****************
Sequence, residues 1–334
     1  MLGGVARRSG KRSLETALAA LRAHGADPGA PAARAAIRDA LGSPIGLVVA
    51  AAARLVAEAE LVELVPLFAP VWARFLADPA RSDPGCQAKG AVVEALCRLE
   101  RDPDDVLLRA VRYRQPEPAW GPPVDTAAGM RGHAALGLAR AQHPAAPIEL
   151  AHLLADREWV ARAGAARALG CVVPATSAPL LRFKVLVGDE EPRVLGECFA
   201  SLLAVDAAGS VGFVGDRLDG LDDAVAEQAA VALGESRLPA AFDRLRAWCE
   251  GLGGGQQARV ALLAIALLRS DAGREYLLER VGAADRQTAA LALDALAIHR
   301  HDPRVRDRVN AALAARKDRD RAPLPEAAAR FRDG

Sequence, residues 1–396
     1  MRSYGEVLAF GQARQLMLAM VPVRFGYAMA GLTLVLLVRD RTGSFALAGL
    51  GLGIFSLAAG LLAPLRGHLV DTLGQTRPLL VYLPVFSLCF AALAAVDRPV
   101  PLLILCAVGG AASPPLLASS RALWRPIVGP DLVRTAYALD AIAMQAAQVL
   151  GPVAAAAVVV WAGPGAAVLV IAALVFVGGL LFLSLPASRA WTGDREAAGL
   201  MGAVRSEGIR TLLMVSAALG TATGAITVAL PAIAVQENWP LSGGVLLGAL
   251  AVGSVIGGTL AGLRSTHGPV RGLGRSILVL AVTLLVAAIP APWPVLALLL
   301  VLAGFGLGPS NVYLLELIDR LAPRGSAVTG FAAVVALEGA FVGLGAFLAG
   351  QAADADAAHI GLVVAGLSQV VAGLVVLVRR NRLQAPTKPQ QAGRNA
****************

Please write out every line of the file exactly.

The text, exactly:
Sequence, residues 1–334
     1  MLGGVARRSG KRSLETALAA LRAHGADPGA PAARAAIRDA LGSPIGLVVA
    51  AAARLVAEAE LVELVPLFAP VWARFLADPA RSDPGCQAKG AVVEALCRLE
   101  RDPDDVLLRA VRYRQPEPAW GPPVDTAAGM RGHAALGLAR AQHPAAPIEL
   151  AHLLADREWV ARAGAARALG CVVPATSAPL LRFKVLVGDE EPRVLGECFA
   201  SLLAVDAAGS VGFVGDRLDG LDDAVAEQAA VALGESRLPA AFDRLRAWCE
   251  GLGGGQQARV ALLAIALLRS DAGREYLLER VGAADRQTAA LALDALAIHR
   301  HDPRVRDRVN AALAARKDRD RAPLPEAAAR FRDG

Sequence, residues 1–396
     1  MRSYGEVLAF GQARQLMLAM VPVRFGYAMA GLTLVLLVRD RTGSFALAGL
    51  GLGIFSLAAG LLAPLRGHLV DTLGQTRPLL VYLPVFSLCF AALAAVDRPV
   101  PLLILCAVGG AASPPLLASS RALWRPIVGP DLVRTAYALD AIAMQAAQVL
   151  GPVAAAAVVV WAGPGAAVLV IAALVFVGGL LFLSLPASRA WTGDREAAGL
   201  MGAVRSEGIR TLLMVSAALG TATGAITVAL PAIAVQENWP LSGGVLLGAL
   251  AVGSVIGGTL AGLRSTHGPV RGLGRSILVL AVTLLVAAIP APWPVLALLL
   301  VLAGFGLGPS NVYLLELIDR LAPRGSAVTG FAAVVALEGA FVGLGAFLAG
   351  QAADADAAHI GLVVAGLSQV VAGLVVLVRR NRLQAPTKPQ QAGRNA